Noah Baumbach's Marriage Story is no Scenes From a Marriage, isn't even a Kramer vs Kramer (which I liked okay) or Shoot the Moon (which I love) but it's well written and well acted and Baumbach gives divorce lawyers their comic due (whether deserved or not depends on how you feel about lawyers).
Greta Gerwig's Little Women is in the end poignant but strains to even achieve that much. Never read Louis May Alcott's novel alas but I suspect there's enough in the picture to help it work despite Gerwig's attempt to scramble the timeline and gild the story with annoying affectations (overlit camerawork; slow motion footage a la Scorsese; line deliveries more appropriate to Young Adult melodramas like The Fault in Our Stars than 19th century America). Much prefer Gillian Armstrong's 1994 version, which invites us to drink deep of sensibilities past without making concessions to a more ADHD generation.
Denise O'Hara's Tayo Muna Habang Hindi Pa Tayo (Dating not Dating) doesn't have the emotional impact of her Mamang but does bend the romcom genre dominating Philippine cinema in interesting and sometimes uncomfortable directions, pointing out along the way the difficulty of even two romantically linked people communicating (the key word I think is DTR: "Define The Relationship").
Mikhail Red's Eerie isn't as lyrically photographed as his Birdshot but does make full use of Roman Catholic imagery, rendering it appropriately, well, eerie. Dead Kids is better written, about a botched kidnapping staged by high school students who barely know what they're doing; part of the suspense is the fact that they don't know what they're doing, so any stupidity that surfaces in plot or actual crime can neatly be blamed on them. Interestingly Red seems to be subverting the indie filmmaker's career trajectory, from doing a film about immediate concerns (middle class youths) to genre efforts (horror, noir) to abstract, stylized political and social commentary; he's starting with the latter, arriving at the former.
Jim Jarmusch's The Dead Don't Die isn't his best work, isn't even the best zombie comedy around (that would be Shaun of the Dead); it is however a zombie flick done on his inimitable terms, and I enjoyed it as such.
Jennifer Kent's The Nightingale starts out as a harrowing wronged-woman-seeks-revenge drama (emphasis on 'harrowing') disintegrates into vengeful woman losing her drive along the way, looking for something better, somehow. It's very well made (particularly the first half) but I hesitate to call the second more meandering half a misfire; more like a filmmaker meditating, questioning what could be a more satisfying outcome than mere revenge. She doesn't get any answers, but kudos for even asking the questions.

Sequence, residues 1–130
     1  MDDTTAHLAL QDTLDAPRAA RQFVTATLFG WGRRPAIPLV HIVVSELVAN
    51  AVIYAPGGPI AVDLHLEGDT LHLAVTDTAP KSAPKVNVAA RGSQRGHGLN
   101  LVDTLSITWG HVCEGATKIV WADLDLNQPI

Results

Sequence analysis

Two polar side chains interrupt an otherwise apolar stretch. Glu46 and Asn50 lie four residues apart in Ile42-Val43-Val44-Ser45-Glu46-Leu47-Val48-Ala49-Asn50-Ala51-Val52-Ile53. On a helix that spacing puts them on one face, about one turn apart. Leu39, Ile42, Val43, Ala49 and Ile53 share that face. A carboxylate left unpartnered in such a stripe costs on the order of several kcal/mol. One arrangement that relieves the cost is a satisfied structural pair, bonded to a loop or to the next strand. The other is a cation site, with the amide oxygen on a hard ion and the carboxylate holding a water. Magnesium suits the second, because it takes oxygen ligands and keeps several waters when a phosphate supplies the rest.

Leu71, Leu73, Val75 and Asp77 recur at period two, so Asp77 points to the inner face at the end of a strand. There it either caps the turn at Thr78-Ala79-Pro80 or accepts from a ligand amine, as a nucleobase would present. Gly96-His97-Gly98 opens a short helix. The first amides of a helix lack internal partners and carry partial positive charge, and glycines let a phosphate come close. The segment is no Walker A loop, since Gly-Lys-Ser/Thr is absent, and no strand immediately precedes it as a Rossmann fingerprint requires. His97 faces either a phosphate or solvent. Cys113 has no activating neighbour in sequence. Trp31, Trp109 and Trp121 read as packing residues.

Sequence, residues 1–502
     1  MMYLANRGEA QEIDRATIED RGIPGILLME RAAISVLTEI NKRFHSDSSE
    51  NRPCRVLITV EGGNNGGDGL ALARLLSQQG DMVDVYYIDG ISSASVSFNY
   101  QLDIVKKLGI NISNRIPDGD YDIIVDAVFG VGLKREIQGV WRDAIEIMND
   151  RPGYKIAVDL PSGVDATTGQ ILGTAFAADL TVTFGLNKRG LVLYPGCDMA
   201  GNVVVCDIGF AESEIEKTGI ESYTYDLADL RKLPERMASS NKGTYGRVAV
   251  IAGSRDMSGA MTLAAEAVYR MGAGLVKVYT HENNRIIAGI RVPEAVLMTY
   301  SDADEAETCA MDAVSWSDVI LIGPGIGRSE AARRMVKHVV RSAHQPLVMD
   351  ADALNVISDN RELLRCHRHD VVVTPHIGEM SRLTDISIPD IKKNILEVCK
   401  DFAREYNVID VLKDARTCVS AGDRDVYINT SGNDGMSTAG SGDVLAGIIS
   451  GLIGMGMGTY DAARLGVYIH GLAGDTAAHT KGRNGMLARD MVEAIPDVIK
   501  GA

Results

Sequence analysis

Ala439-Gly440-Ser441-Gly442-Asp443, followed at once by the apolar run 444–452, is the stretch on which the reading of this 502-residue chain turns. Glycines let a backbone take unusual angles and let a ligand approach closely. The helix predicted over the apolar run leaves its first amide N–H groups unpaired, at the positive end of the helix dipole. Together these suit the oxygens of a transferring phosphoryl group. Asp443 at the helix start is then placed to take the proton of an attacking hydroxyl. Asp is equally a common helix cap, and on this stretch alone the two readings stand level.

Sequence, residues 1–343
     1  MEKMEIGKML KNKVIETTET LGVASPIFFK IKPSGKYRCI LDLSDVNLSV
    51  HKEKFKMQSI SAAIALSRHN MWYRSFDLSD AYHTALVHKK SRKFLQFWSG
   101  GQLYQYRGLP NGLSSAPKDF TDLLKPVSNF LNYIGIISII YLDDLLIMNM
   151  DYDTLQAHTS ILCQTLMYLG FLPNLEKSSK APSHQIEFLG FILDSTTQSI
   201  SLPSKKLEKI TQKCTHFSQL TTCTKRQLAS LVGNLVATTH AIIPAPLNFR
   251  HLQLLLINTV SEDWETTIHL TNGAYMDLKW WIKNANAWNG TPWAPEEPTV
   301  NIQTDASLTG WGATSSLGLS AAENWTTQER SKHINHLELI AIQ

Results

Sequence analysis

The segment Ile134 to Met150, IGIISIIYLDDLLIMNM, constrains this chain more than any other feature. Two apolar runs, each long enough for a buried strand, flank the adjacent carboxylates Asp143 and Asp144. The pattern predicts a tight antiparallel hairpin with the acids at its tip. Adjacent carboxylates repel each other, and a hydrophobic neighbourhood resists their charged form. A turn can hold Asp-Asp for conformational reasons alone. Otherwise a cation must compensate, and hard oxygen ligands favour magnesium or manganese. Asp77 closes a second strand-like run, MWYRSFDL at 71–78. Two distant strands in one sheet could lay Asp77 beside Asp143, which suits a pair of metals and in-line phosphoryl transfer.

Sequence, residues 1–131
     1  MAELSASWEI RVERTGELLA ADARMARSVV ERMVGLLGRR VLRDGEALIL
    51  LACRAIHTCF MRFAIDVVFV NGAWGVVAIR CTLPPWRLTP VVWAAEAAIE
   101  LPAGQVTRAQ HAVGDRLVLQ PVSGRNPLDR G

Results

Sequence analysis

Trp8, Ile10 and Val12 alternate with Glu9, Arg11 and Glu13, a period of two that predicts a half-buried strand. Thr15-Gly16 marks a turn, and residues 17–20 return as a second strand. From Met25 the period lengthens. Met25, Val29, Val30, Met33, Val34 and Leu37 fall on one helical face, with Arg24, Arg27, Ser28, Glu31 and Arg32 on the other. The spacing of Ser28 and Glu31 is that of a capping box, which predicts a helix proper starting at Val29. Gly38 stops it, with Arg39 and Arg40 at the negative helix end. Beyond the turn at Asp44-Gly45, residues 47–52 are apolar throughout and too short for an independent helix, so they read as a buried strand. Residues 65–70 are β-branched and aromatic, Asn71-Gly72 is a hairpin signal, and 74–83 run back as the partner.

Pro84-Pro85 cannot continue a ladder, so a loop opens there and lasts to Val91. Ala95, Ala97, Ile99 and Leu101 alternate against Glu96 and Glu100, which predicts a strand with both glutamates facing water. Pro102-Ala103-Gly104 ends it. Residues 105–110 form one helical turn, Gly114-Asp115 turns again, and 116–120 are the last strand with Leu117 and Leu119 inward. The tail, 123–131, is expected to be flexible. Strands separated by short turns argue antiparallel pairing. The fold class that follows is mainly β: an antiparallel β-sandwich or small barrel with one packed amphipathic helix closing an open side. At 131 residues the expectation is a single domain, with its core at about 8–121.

You can see the influences on Eduardo W. Roy Jr.'s Fuccbois: Brocka's Maynila sa Mga Kuko ng Liwanag, Macho Dancer, Tikoy Aguiluz's Boatman. Roy does take a relatively simple premise (two sex workers blackmailed by a sociopath mayor into performing for him one last time) and make it slowly inexorably worse, in a manner that recalls Brian De Palma at his sinuous sensual best: no fast cuts, no shaky cam, just a camera gliding up close and personal to catch the flop sweat and other precious bodily fluids.
Jordan Peele's Us is a step up in scale from his Get Out; narratively it asks us to swallow some considerable implausibilities but if you accept the film as an allegorical fable it's possible to enjoy as Peele's take on the haves vs. the have-nots, set (to complicate things further) in a racially divided America.
Joanna Hogg's The Souvenir is her fictionalized autobiographical account of a destructive love affair; like her debut big screen feature Unrelated the storytelling is oblique and understated and a little mysterious. You're drawn in and in the end you wonder at what happened--in effect her way of celebrating (or damning) the impossibility of one human being truly knowing another.
Joe Talbot's The Last Black Man in San Francisco is beautifully shot, a funny poignant meditation on being black in a rapidly gentrifying city. The Safdie Brothers' Uncut Gems is perhaps as well-performed and arguably better written--the brothers know the Diamond District like it was their childhood, which apparently it was--but I prefer Talbot's sombre lyricism (come to think of it I prefer Mikhail Red's take on chopsuey editing and shakycam cinematography in Dead Kids to the Safdie's helterskelter filmmaking).
Some of the material in Lauren Greenfield's The Kingmaker you've probably seen before: in news footage, in documentaries (including Ramona Diaz's Imelda), if you're at all familiar with recent Philippine history. What Greenfield brings to the party is new information tying the Marcoses to Duterte's present regime, and the portrait presented is grim: 30,000 people--predominantly poor--killed as of this writing, mostly because the Marcoses want to come back to power, and along the way helped a murderous thug become president.
Todd Douglas Miller's Apollo 11 doesn't quite have the sweep and emotional punch of For All Mankind, which edited the testimonies of several astronauts on several missions into a single epic odyssey; that said, this film's full color 70 mm footage of the launch and landing are more than worth the price of the ticket. Come to think of it any film that promotes science in this age of moon hoax conspiracy theories and climate change denial is worth the price of a ticket.
Dwein Baltazar's Oda sa Wala (Ode to Nothing) is a somberly macabre occasionally funny ultimately poignant portrait of a lonely undertaker (Marietta Subong aka Pokwang) living with her ailing father (Jonee Gamboa). 'Lonely' is the key word here; the crushing depiction of isolation at the edge of an uncaring community overwhelms even the film's ostensibly morbid subject matter (she is given a corpse to bury which she forms an attachment to, even talks to in extended conversations).
'Lonely' is also apparently the key word to the remaining titles on my list--but I've run out of time and space; more next week.
First published in Businessworld 1/10/20